March 11, 2010

So, you want some say on next Veterans Bridge? Well, here’s your chance


A series of meetings beginning today will let the public weigh in on details of the $63 million span that will replace the Veterans Memorial Bridge.

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The preliminary design was released last month. Input is being sought on the remaining details, including memorials to the military, landscaping around the approaches, the pedestrian-bicycle path and elements such as railings. The first meeting will be held in the South Portland City Council Chambers from 5 to 8 p.m. today.

Organizers plan to review the work done so far and distribute pictures of the bridge plan and options for elements such as lighting and concrete treatments to get the conversation under way, said Karen Gola, who will facilitate the meetings for T.Y. Lin International of Falmouth, the design firm on the project.

If there is time, the discussion of aesthetic treatments may begin.

The other meetings are scheduled for 5 to 8 p.m. March 23 and 24. The locations have not yet been determined.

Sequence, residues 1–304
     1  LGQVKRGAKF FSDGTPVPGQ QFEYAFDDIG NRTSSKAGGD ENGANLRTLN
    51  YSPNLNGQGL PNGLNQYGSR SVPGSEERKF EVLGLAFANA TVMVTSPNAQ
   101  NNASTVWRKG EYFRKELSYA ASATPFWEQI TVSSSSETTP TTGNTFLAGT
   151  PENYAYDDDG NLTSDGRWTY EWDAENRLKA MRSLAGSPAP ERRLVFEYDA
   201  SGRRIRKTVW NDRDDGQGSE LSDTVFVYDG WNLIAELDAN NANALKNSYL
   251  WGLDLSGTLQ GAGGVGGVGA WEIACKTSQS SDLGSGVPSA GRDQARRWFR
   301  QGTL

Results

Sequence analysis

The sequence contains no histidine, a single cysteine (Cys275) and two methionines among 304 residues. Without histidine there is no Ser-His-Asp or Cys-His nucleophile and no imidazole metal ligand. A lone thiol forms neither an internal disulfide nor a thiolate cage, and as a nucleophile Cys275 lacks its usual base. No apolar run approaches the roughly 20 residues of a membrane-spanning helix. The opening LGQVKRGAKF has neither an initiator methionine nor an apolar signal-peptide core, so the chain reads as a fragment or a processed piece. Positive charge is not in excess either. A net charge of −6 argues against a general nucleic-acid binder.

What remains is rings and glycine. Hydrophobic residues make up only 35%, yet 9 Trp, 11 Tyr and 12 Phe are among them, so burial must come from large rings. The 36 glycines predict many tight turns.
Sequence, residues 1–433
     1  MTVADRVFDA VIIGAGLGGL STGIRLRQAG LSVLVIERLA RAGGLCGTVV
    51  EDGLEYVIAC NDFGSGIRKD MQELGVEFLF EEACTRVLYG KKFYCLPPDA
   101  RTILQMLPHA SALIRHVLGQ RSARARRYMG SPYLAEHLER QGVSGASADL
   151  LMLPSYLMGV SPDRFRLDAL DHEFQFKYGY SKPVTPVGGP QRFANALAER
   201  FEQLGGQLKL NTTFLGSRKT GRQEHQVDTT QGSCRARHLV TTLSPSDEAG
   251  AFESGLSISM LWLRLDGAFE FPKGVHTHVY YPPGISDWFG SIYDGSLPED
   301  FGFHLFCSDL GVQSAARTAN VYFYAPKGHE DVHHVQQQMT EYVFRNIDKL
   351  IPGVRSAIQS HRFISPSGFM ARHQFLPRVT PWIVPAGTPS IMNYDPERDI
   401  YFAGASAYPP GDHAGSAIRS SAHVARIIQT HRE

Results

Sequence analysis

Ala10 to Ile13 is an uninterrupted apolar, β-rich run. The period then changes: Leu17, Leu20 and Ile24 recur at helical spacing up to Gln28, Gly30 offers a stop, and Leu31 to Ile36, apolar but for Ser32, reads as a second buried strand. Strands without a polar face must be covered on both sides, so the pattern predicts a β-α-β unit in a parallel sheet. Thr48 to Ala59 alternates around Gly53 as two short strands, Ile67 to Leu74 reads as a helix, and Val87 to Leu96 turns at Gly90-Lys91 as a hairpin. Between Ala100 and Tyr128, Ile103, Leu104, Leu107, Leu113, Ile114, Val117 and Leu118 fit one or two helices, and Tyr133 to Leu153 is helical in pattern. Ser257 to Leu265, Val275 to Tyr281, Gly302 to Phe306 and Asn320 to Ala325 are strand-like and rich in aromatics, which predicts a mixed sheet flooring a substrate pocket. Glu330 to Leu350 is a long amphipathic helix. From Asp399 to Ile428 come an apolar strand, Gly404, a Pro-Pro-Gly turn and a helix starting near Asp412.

The Veterans Memorial Bridge, built in 1954, will be removed after the new one is finished. The timeline calls for the new bridge to open in July 2012.

The new four-lane bridge will have five "pavilions" -- portions where the concrete swings out in small arcs. Those areas will have concrete finishes that can come in various colors or stamped patterns. Benches, lighting fixtures and memorials will also be considered.

The concrete forming the bridge will be subject to architectural treatments that create patterns and textures, said Jeff Folsom, the Maine Department of Transportation's resident engineer on the project. The rendering shows stars at the top of the piers, but that is just a suggestion, he said.

"Sometimes they can simulate packed granite, like a granite block. Sometimes they're like a fluted concrete finish, a different texture than smooth formed concrete," Folsom said.

Although the meetings are meant to deal with details of the bridge, some groups hope to influence the larger design. The organizations were on a committee that provided input before the contract was awarded to T.Y. Lin and Reed & Reed Inc. of Woolwich, the contractor.

Norm Nelson, a member of the Greater Portland Landmarks board of trustees, is disappointed that the design didn't take a more imaginative approach.

"It's just an extension of (Interstate) 295. It's an off-ramp," said Nelson, who was on the committee.

Hilary Bassett, the organization's executive director, said beautiful design can be accomplished with the same resources. "We're not trying to put an add-on here," she said.

Christine Cantwell, who represented the Portland Society of Architects, said the critical site represents a high-stakes opportunity for Portland.

"We feel this is a gateway to the city and we feel it has the opportunity to have a sculptural presence," she said.


Staff Writer Ann S. Kim can be contacted at 791-6383 or at:


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